Fake news is news that is presented as being real with the intent to mislead. It can be fabricated or could use original stories, video, audio and images that have been altered to appear real.
Fake news isn’t new, but it is a fast-growing issue. With the explosion of the Internet and social media, anyone can publish anything and share information at a rapid pace.
To help you spot fake news, use the S.P.O.T acronym.
- Source—is the news from the original source?
Does it come from Twitter or a reputable newspaper? What was the original story or message—has it been used and conveyed correctly? Is there evidence to support what is being said?
- Purpose—what is the purpose of the story?
Have you only read the headline? Why was the news written—to inform or entertain? What is it really about? Is the source biased or presenting personal, ideological, religious, political or cultural views?
- Ownership—who are the authors?
Are they a corporation or organisation? Are they reputable? Are they experts in their field? What credentials do they have? Where are they employed? Who are they affiliated with?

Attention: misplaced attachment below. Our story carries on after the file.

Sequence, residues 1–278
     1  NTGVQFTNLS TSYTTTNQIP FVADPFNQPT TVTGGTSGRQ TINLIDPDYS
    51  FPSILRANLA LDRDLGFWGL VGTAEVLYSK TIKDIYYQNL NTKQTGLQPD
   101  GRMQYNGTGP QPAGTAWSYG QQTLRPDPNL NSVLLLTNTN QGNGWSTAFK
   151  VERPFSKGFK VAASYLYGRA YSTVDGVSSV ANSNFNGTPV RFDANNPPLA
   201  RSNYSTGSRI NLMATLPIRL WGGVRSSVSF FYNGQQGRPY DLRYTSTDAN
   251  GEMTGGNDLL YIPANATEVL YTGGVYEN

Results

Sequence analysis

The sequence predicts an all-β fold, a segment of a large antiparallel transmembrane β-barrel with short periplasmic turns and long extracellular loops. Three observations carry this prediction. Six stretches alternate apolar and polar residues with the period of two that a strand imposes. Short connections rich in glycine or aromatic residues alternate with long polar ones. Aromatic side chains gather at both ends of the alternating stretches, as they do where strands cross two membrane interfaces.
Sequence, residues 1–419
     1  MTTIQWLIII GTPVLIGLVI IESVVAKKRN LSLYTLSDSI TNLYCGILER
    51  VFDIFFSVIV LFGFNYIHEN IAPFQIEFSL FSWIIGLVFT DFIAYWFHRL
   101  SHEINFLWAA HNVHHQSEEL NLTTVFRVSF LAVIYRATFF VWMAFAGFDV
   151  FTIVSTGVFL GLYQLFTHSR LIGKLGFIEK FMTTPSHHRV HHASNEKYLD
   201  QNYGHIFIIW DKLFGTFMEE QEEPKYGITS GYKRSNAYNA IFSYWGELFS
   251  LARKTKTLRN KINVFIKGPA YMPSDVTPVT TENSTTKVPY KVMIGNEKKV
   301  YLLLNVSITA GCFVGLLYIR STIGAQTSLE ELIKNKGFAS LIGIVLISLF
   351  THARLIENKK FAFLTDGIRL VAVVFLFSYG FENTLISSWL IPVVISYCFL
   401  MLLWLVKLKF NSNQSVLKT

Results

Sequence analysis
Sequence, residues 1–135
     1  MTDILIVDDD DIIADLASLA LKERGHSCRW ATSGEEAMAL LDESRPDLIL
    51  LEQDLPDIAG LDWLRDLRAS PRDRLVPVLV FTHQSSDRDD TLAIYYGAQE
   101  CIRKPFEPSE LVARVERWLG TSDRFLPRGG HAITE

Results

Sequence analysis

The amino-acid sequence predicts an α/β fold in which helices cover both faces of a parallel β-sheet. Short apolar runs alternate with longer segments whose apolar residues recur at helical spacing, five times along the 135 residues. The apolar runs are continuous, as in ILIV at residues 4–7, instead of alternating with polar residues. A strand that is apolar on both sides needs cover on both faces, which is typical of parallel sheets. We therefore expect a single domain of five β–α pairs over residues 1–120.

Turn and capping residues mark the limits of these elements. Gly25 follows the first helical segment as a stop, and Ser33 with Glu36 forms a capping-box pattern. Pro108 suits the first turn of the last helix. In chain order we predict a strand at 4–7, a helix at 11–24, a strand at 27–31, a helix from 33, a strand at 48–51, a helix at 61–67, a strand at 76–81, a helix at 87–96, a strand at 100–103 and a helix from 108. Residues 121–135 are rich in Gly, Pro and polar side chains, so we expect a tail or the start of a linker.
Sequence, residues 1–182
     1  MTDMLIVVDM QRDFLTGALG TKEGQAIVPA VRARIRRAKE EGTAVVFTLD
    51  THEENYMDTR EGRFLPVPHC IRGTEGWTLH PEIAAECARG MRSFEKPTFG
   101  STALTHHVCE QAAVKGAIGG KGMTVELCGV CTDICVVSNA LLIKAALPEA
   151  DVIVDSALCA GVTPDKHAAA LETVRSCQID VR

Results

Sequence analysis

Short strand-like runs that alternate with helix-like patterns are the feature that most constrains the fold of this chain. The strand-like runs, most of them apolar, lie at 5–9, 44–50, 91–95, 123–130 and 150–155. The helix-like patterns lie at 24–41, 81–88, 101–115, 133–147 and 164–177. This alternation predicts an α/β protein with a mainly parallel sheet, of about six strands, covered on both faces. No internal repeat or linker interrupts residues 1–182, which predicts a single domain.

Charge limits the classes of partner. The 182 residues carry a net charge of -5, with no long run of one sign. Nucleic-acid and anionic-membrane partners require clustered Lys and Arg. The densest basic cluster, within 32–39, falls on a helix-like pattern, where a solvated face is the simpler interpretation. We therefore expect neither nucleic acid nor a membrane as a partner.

- Timeliness—when was it published?
Is this publication the original? Have there been retractions or updates?
For further information on fake news, try these websites:
- Snopes: a fact-checking website that can help to discern what is true and what is not.
- Deepfakes: when an original video and/or audio content is changed to make a new video that looks and sounds real.
S.P.O.T. the Fakes
For some fun, try these fake news quizzes:
- Can you spot the fake stories?
- Can you spot a deep fake from a real face?
- Fake News: Fact and Fiction
If you are an academic looking for evaluations of fake news or other resources to add to your courses, please use the Library workshops, presentations and eLearning request form.